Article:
Now it’s bringing its network fabric closer to OpenStack. Today, Dell announced the Active Fabric Controller (AFC), software that connects OpenStack’s Neutron (the plug-in for networking) with Dell’s Active Fabric.
It’s targeted at enterprises that want to use OpenStack’s cloud management but are put off by the DIY nature of implementing the open-source platform.
“When you have OpenStack, the rest of the information requires stitching in,” says Arpit Joshipura, a Dell VP of marketing. “There’s a lot of infrastructure work that needs to be manually integrated. So, what AFC does is automate all of that.”
Dell already does this with VMware‘s hybrid cloud, giving virtualized servers inside vCloud a way to connect to Dell’s Active Fabric (i.e., Dell’s data-center switches). “A lot of our networking software has been optimized and integrated into vCenter,” Joshipura says. The Active Fabric Controller is an analogous step for OpenStack.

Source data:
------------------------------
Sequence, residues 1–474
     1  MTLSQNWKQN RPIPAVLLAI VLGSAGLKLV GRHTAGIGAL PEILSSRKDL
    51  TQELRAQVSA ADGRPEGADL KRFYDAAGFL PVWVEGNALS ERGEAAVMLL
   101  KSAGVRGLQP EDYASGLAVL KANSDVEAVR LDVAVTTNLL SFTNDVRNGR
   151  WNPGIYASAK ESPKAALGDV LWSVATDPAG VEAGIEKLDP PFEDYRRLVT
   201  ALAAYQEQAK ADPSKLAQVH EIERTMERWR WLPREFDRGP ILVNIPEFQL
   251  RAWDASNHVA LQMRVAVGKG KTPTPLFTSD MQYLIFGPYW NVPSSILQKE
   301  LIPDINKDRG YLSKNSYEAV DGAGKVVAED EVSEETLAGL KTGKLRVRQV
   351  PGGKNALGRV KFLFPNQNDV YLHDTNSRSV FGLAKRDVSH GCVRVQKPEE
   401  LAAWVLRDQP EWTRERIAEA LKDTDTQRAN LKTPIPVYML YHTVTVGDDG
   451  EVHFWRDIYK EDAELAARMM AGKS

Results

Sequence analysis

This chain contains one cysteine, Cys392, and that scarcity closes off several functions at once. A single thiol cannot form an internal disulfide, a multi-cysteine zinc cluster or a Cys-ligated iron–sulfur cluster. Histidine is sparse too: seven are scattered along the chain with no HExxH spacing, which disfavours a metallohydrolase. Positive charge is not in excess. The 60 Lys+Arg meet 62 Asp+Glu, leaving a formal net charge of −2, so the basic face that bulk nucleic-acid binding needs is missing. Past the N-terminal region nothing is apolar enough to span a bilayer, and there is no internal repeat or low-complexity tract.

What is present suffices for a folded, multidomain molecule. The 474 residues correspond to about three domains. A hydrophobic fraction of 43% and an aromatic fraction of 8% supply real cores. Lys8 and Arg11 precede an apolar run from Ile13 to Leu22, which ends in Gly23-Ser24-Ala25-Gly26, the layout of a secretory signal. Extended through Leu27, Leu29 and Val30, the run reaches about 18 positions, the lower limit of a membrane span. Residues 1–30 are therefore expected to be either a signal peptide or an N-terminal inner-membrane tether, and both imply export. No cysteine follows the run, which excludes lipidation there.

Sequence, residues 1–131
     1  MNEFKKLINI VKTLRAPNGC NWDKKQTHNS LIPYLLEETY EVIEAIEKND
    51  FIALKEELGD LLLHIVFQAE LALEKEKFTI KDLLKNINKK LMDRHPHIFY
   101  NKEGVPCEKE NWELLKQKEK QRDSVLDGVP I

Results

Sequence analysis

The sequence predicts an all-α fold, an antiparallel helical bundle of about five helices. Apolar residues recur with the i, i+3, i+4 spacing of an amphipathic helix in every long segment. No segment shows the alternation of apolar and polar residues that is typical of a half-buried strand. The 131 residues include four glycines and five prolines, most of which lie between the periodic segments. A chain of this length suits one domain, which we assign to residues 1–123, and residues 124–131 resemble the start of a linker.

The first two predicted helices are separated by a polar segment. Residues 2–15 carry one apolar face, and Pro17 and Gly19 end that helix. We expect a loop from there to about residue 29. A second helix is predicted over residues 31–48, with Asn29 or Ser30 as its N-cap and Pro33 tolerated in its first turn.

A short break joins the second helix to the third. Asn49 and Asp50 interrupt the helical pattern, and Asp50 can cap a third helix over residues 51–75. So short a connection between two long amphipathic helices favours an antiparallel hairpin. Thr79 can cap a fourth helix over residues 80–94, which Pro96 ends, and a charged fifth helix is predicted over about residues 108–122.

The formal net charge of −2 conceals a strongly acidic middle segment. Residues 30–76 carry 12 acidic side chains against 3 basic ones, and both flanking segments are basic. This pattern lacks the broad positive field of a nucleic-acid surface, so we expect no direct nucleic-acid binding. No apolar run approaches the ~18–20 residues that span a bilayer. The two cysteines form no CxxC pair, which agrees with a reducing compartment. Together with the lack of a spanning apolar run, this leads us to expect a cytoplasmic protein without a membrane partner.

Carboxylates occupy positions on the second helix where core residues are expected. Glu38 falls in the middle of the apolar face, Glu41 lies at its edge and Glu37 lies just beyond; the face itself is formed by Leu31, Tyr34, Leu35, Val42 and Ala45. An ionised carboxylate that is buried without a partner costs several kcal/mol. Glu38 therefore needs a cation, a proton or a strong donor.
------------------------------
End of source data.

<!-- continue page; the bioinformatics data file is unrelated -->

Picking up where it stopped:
AFC includes discovery and optimization that are done through OpenFlow or other “non-traditional Layer 2 and Layer 3” technologies, Joshipura says. Dell says AFC can detect newly added elements in the network — security applications, for example — and automatically handle networking factors such as quality-of-service (QoS).
Reinforcing the Data-Center Spine
Dell is also announcing a data-center spine switch, the Z9500. It’s a fixed-configuration switch, 3 rack units tall, with features that can be unlocked by paying for various levels of software licensing. (It’s a pay-as-you-go model, something new to Dell.)
It’s got 132 40-Gb/s ports, which Dell says is twice the density-per-rack-unit of Cisco‘s Nexus 9000 series. (The 9508 can support 288 40-Gb/s ports, Cisco says, but is a larger box than the Z9500. Cisco also announced the Nexus 9516 yesterday; it’s got room for 576 40-Gb/s ports but is even larger.)